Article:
Monday Author: Susanne Skinner
Reading is a guilty pleasure. Growing up, Mom would reiterate that as long as there are books, there is always something to do. As a teenager, Dad handed me a long list of books suggesting I read them as preparation for college. I grew up reading; loving the solitude and the feel of a book in my hands.
Share the Love
Discovering a local book group is a wonderful way to share the love. When I lived up North, I belonged to a monthly group hosted by the local library. I joined as a stranger but quickly made friends with the members.
We were a small but dedicated group, and Matthew, our librarian, moderated the meetings. Together we selected and voted on books for the year, making it easy for Matt to get enough for all of us via inter-library loan.
A few years ago, I joined an online group (thanks Aline!) to share book recommendations. I found a great way to expand my reading list while exchanging reviews with other book lovers. Members provide opinions, a plot summary and answer questions.
New Beginnings – New Book Group
Our move to Florida meant the loss of my beloved book group. I immediately sought new options, beginning with the library. To my dismay, they had a waiting list. The original group became too large and split into two smaller groups. I was thrilled when a spot opened in the Saturday morning group.
My joy was short lived. It was poorly moderated, too large (30+ people) and just a bit contentious. My participation was also short lived. It made me appreciate the high bar set by my former book club.
I began thinking about starting a book group myself, with no idea how to begin. At a local potluck gathering I mentioned the idea to my friend Lori. We were discussing books when we realized starting a book club was something both of us wanted to do.
Define the Book Group
The first step is figuring out the guest list. Be clear about your purpose. Are you a book group that drinks wine or a wine group that occasionally reads and discusses the book?
Defining the group is the most important decision, because it affects everything else about the book club. Once you nail that down, determine where and when you meet and how to choose your books.
Be transparent about the group’s intent and format. The only thing worse than showing up not having read the book is showing up and being the only one who finished it. Our group feels that not liking the book is a perfectly good reason not to finish it and we incorporate that option into our discussion.
Our group is small, book-centric and social. Currently we’re just women, but men are welcome. Members like each other and love to read, and everyone had book club experience. It’s a great starting point to build a book group! We created a Q&A structure to discuss the book but prefer a relaxed atmosphere for the discussion itself.
Most books have companion group discussion questions easily found online.
How to Choose a Book
Reading is personal. Give every member a voice (with veto power) in case too many have read the book or there is minimal interest.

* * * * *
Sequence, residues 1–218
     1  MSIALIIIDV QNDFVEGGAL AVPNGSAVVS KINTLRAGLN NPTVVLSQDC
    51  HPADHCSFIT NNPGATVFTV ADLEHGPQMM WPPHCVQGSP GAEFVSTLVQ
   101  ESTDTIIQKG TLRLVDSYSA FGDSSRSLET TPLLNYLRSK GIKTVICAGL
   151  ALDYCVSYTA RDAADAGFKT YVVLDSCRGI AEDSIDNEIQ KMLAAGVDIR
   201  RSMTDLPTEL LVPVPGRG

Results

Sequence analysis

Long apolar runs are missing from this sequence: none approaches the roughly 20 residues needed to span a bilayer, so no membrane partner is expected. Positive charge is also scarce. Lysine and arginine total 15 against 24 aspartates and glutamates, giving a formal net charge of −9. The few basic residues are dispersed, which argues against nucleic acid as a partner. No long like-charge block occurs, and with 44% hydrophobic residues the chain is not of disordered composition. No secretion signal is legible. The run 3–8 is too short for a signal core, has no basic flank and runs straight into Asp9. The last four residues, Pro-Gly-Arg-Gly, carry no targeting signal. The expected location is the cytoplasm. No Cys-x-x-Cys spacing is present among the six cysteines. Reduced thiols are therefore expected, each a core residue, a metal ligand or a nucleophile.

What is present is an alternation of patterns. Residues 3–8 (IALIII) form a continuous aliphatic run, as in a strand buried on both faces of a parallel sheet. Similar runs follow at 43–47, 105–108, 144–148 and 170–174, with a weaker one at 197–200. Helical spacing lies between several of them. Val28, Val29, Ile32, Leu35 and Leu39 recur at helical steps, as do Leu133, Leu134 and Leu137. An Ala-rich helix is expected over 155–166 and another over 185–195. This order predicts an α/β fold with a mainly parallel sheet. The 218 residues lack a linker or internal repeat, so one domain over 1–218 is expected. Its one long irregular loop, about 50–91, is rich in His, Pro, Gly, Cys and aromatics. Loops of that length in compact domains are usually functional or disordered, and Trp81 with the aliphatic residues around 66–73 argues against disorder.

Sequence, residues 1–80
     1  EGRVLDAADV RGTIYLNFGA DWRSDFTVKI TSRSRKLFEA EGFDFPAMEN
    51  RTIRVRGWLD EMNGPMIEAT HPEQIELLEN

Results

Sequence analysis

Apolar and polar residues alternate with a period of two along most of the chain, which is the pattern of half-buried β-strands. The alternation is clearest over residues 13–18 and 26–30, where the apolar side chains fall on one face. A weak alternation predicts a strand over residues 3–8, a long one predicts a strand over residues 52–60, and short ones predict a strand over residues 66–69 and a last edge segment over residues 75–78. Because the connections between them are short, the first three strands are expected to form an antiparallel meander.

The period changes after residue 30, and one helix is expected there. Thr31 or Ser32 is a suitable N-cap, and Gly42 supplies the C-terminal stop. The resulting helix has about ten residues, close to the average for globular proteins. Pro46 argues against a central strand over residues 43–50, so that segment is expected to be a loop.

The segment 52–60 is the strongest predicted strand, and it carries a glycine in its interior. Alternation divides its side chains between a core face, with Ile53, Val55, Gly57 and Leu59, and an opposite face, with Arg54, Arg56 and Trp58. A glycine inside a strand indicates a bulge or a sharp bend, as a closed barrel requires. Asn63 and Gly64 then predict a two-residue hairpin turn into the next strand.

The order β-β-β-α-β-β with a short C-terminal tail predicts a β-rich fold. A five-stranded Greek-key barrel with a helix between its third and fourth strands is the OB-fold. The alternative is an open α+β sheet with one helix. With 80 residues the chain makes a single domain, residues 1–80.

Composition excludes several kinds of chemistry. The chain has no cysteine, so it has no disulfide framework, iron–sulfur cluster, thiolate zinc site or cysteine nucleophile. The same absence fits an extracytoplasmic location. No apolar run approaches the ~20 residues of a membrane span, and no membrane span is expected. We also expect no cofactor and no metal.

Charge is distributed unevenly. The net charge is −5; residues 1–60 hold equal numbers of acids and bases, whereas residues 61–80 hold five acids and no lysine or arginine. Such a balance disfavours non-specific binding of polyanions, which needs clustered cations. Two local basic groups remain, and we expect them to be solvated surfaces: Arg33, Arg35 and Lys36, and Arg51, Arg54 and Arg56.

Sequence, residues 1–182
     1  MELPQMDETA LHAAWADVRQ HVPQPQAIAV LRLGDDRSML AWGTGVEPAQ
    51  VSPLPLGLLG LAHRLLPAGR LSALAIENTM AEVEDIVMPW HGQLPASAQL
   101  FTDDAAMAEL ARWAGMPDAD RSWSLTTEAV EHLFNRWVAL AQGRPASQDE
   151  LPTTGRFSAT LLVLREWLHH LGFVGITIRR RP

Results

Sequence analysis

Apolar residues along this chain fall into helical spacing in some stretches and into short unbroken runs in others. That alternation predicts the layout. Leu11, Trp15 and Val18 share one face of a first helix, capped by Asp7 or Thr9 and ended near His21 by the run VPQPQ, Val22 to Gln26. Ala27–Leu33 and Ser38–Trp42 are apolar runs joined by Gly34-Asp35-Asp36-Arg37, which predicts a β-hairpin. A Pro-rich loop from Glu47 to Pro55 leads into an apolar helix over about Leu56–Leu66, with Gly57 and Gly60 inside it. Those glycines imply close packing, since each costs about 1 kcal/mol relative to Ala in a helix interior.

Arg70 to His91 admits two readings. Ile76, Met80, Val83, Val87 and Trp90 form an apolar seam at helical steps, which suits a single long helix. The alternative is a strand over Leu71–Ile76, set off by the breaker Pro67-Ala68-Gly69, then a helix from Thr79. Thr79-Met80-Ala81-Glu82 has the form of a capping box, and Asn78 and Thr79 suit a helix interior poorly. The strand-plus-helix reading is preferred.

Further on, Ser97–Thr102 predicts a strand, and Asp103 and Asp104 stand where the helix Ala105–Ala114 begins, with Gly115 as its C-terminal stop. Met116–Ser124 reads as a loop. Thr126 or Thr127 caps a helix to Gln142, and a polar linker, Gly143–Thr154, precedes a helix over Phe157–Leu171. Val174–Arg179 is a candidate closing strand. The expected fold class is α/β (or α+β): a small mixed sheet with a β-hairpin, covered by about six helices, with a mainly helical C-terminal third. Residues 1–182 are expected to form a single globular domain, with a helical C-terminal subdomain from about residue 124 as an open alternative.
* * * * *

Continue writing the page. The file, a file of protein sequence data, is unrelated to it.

People have different ideas about what makes a book good. The list below offers criteria that engage most readers and leads to worthy selections:
- A good topic and setting
- Historical significance and accuracy
- Well-paced plot
- Strong character development
- Solid writing and dialog
- Reasonable length
- Connects with readers feelings
- Availability on eBooks and other audio options
Practice democracy in your selections by encouraging input and feedback from all members. Being open-minded is a key to discovering some great reading! My personal favorite in recommending a book—I couldn’t put it down.
When selecting books, consider publication dates. New releases may have a long wait list at the library and not everyone wants to buy the book. I often buy a used paperback and donate it to the ‘read and return’ section in the library after I’ve read it.
The Importance of Structure
Begin by defining the group’s purpose; then determine how often and where you meet. We also decided to choose a group name and a logo. At our first meeting (held in my home) I welcomed everyone with a handmade bookmark.
Email works well for group communication and shared information. Creating an agenda around the selection process and discussion format jump-starts the conversation. I offered to moderate our first review with feedback from the group to refine the format.
Members volunteered categories, authors and titles, and I wrote a summary (using Amazon) to aid our selection process. As book lovers, we have lots of ideas and interests. We distilled our list to six books over six months with options everyone liked.
Our first official meeting went well so we decided to keep the format, setting a regular date and time for future meetings. It is possible to read and discuss the book and share a glass of wine!
Many authors are willing to chat with book clubs using Skype, Zoom, and Google Chat. Check their websites for additional information.
Discuss Amongst Yourselves
There is more than one way to interpret a book. Differing opinions make the best discussions. Not everyone will finish every book, but input from everyone brings valuable insight to the discussion.
An important part of each review is making sure everyone’s voice is heard. Understanding what participants like and dislike uncovers aspects of the story others might miss. Observations about the author’s nuances and style can make or break the rating.
A book group is an awesome way to bring together friends with a shared interest in reading. Throw in comfortable seating, killer good snacks and drinks and you have a great way to spend an evening.